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All-abilities playground: An inclusive, first-of-its-kind place to play in El Dorado County


Austin Reininger, a student at Jackson Elementary School in El Dorado Hills, experienced a first on Wednesday.

For the first time, he played with his friends and classmates on the playground at school. It’s a milestone filled with meaning since Austin has a disability that requires him to use a wheelchair to move around. Most playgrounds aren’t wheelchair friendly, but now his school’s playground is.

Jackson Elementary celebrated the grand opening of one of the region's first playgrounds that’s accessible to everyone – complete with a ceremonial ribbon cutting.

“For the past few years, our children in wheelchairs have sat on the sidewalk and watched the other children play because it was a bark-based playground,” explained the school’s principal Michele Williamson. “We have seven students in wheelchairs here at Jackson, so before, they would come down to the play structure, but really couldn’t interact with the children.”

Williamson made it her mission to change that – enlisting help from the community to raise funds and get an "all-abilities playground" built at the school where she’s served as principal for the past 23 years. She said she considers the playground’s construction one of her proudest accomplishments.

Rescue Union School District, El Dorado County Office of Education, the Jackson Elementary Parent Teacher Organization, the El Dorado Hills Community Services District, the Latrobe Foundation, and the nonprofit organization Walk With Austin, which was founded by Austin’s parents, worked in collaboration to generate the over $600,000 needed to turn the idea of an all- abilities playground into a reality, the project supporters said.

“It’s foam-based,” Williamson said when asked by KCRA 3 what makes the playground different from most school and park playgrounds. “It doesn’t have the bark, so wheelchairs can go right down the ramp.”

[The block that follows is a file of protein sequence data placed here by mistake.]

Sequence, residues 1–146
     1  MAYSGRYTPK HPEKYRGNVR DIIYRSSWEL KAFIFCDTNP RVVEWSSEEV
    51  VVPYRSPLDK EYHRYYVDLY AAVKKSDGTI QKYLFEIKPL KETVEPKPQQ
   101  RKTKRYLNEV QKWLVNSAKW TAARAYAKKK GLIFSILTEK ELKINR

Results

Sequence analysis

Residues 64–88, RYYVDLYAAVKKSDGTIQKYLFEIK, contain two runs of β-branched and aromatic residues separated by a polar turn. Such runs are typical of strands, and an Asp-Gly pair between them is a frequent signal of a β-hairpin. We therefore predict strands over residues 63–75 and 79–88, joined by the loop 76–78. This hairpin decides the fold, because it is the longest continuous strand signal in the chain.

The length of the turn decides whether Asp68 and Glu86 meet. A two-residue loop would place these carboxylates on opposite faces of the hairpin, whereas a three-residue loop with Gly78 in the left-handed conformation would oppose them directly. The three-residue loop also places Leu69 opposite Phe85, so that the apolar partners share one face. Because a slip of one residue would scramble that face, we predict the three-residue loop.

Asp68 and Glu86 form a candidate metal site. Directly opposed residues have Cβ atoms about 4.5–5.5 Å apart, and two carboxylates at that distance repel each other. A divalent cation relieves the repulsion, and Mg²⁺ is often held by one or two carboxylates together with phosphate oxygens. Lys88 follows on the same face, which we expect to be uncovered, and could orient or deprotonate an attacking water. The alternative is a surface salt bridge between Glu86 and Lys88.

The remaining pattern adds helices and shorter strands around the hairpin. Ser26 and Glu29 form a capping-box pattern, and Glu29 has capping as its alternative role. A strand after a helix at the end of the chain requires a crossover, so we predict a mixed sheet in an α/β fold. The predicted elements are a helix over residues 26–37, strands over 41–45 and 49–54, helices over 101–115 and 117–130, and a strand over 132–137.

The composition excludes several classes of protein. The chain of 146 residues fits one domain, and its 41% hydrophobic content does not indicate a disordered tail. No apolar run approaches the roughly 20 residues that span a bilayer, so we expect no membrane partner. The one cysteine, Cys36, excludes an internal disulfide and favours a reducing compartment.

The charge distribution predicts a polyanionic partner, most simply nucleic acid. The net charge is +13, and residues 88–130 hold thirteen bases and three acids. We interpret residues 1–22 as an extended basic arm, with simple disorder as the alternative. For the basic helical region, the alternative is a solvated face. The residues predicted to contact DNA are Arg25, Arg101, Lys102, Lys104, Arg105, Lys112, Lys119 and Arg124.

The ground’s smooth surface along with the various pieces of play equipment make it accessible to all. There are tandem swings with bucket seats and safety harnesses, a specially- designed zip line and places to play that are no longer out of reach.

“They can actually go up on the play structure in their wheelchairs,” Williamson said. “There's different activities they can do on the play structure and be a part of, with all the children together.”

Austin’s parents, attending the ceremonial ribbon cutting at the school’s new playground, discussed the importance of having a facility like this for Austin, his sister, and their other elementary school-age kids to enjoy.

“Everyone is having fun on this playground,” said Holly Reininger, executive director for the Walk With Austin organization, named in honor of her son. “It is not specifically for kids with disabilities. It is to includekids with disabilities and it’s beautiful.”

An inclusive space, the project's supporters hope others will see and work to create in their communities.

“I hope it’s a model for other schools,” Williamson said.



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